Where Logic Meets Love

It's about the Experience: A Post that Will Probably Be Uninteresting to Those Not Planning Weddings

Tuesday, February 15, 2011

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It's about the Experience: A Post that Will Probably Be Uninteresting to Those Not Planning Weddings | Faith Permeating Life
I have a lot of friends entrenched in wedding planning at the moment. I've talked a bit about our wedding planning process before (heck, I started this blog when I was just a few months away from getting married), but I feel compelled to spend some time talking about what worked well for us. Because it did go well -- exceptionally well. In fact, practically every time we see friends or family we haven't seen for a while, they tell us, "Your wedding was the best wedding I've ever been to!" (Embarrassingly enough, this usually happens at someone else's wedding reception, but since as often as not it's the bride or groom telling us, I guess it's OK!)

Our philosophy during the whole process was a balance between what we wanted the experience to be and what we thought would make the best experience for our guests. And that did not include what other people thought a wedding "should" be or include. So, for example, we did not have favors or a bouquet/garter toss, and I don't think anybody missed either one, even though people who inquired during the planning process ("What kind of favors are you having?" "Did you order a toss bouquet?") were surprised/shocked by our decision. It's amazing how much other people get invested in what other people's weddings should or shouldn't be like. The fact that we made our decisions together helped us have a united front -- I think people feel more of a right to weigh in if they know there's disagreement between the bride and groom.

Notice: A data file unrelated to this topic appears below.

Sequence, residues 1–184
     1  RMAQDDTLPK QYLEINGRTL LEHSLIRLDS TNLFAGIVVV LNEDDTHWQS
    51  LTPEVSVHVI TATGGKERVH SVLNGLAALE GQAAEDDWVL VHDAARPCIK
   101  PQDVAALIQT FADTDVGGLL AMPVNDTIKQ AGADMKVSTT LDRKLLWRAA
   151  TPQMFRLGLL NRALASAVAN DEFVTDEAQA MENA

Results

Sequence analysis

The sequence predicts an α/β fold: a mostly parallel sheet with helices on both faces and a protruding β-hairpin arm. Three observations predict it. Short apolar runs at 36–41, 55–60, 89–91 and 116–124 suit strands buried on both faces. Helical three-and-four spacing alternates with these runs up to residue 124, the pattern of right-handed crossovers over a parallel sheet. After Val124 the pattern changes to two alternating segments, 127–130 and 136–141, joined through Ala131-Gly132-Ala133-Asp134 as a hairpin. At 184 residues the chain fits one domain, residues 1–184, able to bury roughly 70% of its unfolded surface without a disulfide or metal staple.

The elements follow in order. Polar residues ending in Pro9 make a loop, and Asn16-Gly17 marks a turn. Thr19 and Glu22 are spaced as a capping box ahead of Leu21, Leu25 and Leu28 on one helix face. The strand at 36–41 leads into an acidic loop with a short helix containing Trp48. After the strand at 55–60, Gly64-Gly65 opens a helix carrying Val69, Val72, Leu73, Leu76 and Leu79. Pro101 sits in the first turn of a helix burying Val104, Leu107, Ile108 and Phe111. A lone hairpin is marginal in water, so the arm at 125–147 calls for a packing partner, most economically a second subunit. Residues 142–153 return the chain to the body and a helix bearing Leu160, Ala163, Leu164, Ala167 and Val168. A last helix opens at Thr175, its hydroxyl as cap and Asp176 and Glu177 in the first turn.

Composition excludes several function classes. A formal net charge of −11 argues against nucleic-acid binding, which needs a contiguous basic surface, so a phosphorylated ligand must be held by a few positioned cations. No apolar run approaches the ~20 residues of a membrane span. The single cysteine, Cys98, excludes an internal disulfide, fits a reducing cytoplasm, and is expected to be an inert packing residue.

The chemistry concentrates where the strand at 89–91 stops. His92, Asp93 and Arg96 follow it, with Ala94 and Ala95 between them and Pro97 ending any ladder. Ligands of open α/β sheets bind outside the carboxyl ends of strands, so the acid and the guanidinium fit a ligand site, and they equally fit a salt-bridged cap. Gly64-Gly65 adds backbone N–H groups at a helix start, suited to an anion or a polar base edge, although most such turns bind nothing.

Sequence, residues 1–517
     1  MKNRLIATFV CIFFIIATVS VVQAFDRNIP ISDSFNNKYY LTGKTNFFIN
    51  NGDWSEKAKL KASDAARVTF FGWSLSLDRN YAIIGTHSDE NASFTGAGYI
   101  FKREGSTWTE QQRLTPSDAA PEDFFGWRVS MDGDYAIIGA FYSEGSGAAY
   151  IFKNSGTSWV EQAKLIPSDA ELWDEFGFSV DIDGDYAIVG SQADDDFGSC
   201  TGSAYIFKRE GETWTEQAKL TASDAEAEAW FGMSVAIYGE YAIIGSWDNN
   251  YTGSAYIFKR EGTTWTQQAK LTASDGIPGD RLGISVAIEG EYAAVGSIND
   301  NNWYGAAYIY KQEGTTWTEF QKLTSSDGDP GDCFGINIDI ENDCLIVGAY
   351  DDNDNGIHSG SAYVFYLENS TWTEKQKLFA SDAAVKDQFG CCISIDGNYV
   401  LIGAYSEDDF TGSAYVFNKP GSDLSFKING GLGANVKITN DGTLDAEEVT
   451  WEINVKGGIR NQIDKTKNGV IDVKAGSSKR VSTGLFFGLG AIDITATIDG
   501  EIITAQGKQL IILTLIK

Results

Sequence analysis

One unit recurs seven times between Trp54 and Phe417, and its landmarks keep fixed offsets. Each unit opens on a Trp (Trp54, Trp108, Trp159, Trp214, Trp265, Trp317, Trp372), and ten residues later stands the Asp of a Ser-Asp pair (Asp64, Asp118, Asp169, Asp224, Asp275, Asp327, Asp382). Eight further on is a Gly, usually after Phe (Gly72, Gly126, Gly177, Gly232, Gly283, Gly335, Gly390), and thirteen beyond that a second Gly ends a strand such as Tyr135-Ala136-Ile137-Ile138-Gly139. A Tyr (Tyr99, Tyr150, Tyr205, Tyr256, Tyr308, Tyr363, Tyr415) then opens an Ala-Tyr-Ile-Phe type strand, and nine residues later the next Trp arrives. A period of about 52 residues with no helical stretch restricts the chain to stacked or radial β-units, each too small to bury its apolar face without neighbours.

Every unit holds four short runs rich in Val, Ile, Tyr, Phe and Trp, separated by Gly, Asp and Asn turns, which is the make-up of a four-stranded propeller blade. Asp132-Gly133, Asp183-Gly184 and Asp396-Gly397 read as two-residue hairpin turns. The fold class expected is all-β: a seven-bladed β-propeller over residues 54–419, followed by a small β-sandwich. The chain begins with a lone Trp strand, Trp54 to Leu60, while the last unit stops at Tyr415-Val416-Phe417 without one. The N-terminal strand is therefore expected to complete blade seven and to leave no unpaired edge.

We also chose to go back to our apartment for our wedding night, and took our honeymoon two weeks after the wedding, both of which made people think we were weird -- but it didn't affect them, so it didn't really matter. We were both pretty laid-back about a lot of things where it didn't seem to matter too much, like what the ring bearer's pillow looked like, whereas I'm sure other people get obsessed with every little detail.

We tried to focus on the things we thought would have the biggest effect on the experience of the day. We tried to be realistic about what was actually going to affect the experience for ourselves or our guests, and what really didn't matter in the grand scheme of things. We chose not to order special toasting glasses because -- who cares? If you do, great. We didn't. And nobody else did, either, when the reception was in full swing. Also, I had a floor-length wedding dress, so I wore velcro biker sandals. Best decision ever. Nobody I talked to afterwards had a clue.